There was one 9 square square left over after all that, so it got quartered and I decided to make a couple of smaller grocery bags with them.  I’d bought a piece of pale blue denim in someone elses’ destash that was just perfect to bulk out the cotton shirting fabrics.  I cut 4 squares of the denim, 35×35 cm, the same size as the shirt squares and pinned them together.  Then I cut 6 pieces 15x35cm to make the bottom and sides of the two bags. After attaching them all together, I measured the circumference of the top edge and cut a strip 94cm long and 8cm wide.  This would be the top edge, folded in half lengthways.

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I love seeing the shirt evidence!

Then I cut the handles.  There were two pieces the perfect length for holding a bag in your hands (not so long that the bag would touch the floor) or for putting on your shoulder, so I cut them 8cm wide.  Then I cut two more pieces 8cm wide, but longer.  from the selvage strips that had been cut off the top edge, I zigzagged two 12cm lengths together and sewed one of the with one end under a handle.  I wanted a loop that I could attach my house keys to.  They usually end up in the bottom of the bag, under the shopping.  That’s not terribly helpful when you get back home and need to dig under the spuds before you can get in out of the cold!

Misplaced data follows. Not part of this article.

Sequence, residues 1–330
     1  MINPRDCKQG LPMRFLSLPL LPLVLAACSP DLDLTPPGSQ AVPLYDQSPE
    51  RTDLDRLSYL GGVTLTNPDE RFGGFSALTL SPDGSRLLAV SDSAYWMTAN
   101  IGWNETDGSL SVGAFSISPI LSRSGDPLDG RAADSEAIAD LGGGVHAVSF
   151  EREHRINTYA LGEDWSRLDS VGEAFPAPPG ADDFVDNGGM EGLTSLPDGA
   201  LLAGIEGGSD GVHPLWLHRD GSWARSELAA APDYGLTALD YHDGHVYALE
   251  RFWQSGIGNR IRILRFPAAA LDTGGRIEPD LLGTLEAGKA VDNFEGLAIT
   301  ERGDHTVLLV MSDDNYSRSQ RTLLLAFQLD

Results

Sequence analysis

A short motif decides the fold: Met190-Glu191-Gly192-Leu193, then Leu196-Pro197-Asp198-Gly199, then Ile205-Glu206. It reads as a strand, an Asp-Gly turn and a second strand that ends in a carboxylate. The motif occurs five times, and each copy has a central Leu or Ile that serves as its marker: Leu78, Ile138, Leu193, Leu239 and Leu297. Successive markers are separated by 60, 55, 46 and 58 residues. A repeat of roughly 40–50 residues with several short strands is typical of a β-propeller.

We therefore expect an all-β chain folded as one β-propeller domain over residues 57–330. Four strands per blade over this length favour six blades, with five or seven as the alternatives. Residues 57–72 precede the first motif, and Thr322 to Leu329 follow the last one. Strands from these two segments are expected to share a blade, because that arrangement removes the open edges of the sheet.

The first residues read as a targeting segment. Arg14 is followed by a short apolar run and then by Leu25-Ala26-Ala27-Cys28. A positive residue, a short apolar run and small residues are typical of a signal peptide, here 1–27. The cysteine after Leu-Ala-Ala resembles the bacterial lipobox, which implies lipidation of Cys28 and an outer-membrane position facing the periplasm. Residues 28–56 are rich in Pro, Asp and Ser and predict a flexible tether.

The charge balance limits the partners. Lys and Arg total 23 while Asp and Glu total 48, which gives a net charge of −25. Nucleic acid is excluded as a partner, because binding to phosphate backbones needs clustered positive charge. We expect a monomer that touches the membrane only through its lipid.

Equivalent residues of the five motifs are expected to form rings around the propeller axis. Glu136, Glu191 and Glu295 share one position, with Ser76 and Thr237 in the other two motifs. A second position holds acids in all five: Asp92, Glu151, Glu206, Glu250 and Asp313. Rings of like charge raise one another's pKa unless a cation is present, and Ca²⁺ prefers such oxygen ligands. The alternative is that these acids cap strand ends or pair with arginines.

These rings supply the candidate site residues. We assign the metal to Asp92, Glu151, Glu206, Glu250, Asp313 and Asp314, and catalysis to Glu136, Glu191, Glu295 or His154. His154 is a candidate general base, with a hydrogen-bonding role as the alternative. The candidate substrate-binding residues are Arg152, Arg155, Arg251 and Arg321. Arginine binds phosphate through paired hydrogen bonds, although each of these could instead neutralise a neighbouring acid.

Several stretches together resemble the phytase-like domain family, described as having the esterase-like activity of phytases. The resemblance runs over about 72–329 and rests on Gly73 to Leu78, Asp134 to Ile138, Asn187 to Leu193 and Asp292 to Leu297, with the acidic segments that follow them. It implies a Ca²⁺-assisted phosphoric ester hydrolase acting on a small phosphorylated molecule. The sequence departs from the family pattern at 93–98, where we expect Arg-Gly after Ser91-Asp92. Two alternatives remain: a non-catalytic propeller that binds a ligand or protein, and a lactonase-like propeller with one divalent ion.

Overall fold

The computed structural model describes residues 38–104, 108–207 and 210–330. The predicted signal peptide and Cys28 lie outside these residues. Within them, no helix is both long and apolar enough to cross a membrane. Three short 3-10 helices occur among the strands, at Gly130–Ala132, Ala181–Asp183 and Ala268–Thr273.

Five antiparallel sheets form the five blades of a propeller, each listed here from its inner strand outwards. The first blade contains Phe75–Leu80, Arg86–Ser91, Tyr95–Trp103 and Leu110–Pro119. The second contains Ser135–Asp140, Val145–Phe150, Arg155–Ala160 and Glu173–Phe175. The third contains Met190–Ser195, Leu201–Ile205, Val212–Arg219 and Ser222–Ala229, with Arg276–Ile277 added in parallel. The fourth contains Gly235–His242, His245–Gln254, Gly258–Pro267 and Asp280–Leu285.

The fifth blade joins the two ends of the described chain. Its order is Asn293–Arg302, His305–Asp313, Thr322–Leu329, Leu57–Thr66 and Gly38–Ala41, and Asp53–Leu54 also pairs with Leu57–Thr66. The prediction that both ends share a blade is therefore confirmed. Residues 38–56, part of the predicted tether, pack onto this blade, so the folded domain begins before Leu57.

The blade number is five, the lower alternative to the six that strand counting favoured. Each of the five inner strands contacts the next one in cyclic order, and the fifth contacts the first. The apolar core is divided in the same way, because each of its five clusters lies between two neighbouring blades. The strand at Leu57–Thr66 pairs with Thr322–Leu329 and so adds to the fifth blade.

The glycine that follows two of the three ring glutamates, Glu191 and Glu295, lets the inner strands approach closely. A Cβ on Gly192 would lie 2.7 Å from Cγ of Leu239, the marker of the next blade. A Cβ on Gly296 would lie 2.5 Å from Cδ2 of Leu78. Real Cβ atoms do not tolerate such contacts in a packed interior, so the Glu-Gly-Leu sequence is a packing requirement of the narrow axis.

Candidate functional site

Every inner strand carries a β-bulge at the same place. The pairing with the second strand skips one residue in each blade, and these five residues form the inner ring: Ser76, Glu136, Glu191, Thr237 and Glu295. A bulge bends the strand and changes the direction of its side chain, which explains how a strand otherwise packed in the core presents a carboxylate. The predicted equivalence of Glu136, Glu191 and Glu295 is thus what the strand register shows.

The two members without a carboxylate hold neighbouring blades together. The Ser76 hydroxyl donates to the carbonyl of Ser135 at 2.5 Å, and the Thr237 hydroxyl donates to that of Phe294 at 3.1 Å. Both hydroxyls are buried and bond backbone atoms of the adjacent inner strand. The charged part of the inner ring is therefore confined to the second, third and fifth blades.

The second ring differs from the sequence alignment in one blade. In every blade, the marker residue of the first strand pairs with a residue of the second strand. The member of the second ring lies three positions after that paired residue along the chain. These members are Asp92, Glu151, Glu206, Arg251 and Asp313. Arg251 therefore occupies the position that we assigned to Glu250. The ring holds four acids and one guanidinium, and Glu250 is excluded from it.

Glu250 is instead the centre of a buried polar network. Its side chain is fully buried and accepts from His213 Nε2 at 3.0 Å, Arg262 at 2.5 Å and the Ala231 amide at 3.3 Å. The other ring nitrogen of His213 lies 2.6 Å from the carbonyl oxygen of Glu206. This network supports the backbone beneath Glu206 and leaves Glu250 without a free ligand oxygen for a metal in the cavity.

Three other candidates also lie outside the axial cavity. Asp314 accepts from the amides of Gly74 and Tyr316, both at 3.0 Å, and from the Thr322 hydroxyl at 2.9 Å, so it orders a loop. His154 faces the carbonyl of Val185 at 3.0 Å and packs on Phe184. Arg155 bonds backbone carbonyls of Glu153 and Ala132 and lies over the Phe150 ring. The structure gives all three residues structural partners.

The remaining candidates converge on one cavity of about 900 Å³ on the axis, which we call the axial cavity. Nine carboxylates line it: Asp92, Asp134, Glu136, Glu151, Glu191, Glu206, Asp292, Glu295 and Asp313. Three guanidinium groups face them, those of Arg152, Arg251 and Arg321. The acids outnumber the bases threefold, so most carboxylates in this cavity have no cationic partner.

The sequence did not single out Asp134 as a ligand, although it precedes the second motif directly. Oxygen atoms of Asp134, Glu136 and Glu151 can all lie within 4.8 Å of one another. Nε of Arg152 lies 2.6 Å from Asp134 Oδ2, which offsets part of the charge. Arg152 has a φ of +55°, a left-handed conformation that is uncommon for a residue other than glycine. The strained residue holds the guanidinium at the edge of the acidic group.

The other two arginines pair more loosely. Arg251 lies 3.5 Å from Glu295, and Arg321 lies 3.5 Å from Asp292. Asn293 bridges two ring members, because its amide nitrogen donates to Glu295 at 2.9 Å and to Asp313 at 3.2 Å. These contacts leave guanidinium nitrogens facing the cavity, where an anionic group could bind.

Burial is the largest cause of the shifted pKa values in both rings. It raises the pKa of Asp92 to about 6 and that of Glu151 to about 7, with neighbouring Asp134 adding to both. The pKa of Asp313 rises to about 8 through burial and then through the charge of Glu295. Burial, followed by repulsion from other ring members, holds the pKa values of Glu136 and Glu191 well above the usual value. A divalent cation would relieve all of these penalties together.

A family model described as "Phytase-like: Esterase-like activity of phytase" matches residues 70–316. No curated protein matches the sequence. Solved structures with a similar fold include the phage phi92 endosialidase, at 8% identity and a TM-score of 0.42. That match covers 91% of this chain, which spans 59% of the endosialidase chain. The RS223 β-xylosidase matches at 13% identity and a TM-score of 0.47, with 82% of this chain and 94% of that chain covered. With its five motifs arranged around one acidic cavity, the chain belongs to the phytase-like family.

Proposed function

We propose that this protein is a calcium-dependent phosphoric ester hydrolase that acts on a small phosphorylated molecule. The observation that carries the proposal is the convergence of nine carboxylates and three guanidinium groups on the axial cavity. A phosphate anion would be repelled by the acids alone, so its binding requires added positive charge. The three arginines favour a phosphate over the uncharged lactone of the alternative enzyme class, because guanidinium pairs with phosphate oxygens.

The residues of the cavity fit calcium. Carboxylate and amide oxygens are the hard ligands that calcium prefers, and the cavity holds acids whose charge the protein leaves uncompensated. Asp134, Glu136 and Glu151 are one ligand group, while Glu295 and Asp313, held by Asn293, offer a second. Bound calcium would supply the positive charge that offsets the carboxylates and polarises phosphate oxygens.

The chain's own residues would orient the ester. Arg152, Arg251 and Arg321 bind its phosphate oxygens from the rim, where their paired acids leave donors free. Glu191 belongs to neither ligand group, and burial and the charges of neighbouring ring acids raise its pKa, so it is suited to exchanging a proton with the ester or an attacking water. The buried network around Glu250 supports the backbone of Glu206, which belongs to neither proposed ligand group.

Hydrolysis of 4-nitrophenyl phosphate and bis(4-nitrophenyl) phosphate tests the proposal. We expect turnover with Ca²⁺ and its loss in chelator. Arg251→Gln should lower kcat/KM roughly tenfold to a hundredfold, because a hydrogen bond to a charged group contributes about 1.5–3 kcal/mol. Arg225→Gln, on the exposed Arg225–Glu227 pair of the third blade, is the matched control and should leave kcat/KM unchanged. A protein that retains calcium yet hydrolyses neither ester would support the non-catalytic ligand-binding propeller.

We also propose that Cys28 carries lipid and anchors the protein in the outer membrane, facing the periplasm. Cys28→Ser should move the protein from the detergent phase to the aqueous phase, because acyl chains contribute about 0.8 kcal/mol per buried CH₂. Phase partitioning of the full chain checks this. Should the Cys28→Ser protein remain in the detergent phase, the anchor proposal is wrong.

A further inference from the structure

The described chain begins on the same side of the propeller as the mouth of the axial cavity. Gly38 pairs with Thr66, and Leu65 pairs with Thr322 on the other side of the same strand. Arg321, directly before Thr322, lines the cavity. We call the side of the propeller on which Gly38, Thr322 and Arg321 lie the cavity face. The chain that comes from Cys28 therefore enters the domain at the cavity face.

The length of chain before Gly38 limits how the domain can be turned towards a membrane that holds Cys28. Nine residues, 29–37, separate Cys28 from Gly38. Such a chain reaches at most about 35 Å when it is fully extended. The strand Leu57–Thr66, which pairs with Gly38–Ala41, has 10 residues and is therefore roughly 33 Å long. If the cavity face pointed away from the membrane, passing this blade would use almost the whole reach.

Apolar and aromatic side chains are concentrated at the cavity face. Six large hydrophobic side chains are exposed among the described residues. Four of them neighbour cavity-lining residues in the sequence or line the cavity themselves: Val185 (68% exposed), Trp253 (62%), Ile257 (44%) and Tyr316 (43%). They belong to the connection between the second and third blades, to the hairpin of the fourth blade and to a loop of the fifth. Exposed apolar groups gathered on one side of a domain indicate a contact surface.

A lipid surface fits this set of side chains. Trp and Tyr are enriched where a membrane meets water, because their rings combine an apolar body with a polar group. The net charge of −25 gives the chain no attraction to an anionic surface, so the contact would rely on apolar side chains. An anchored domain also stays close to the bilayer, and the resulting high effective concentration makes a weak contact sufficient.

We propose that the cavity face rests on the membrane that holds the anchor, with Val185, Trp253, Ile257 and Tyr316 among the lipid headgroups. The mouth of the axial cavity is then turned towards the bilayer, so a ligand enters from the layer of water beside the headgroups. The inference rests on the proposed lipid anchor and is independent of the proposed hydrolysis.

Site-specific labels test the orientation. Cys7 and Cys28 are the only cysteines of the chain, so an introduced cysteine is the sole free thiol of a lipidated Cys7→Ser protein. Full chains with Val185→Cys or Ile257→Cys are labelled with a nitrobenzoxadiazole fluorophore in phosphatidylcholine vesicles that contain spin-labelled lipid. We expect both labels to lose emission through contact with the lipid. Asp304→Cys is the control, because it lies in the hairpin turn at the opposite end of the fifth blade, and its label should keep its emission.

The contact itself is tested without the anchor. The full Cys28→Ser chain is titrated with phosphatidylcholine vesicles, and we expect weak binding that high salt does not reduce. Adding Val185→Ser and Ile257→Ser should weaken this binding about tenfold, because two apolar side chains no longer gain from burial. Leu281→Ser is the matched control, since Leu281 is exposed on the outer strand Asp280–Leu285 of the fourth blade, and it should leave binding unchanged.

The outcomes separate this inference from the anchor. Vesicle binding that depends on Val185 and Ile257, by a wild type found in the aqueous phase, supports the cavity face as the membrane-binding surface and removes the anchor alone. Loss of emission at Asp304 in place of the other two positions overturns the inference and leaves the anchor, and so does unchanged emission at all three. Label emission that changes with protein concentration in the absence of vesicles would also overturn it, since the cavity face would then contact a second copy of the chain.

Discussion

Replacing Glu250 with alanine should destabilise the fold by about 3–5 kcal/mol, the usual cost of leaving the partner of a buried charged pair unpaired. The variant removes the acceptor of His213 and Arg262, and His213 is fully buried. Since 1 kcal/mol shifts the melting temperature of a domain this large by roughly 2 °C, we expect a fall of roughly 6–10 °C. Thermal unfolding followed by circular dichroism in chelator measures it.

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The handy loop for my house keys. I like the raw-ness of the inside of the bags.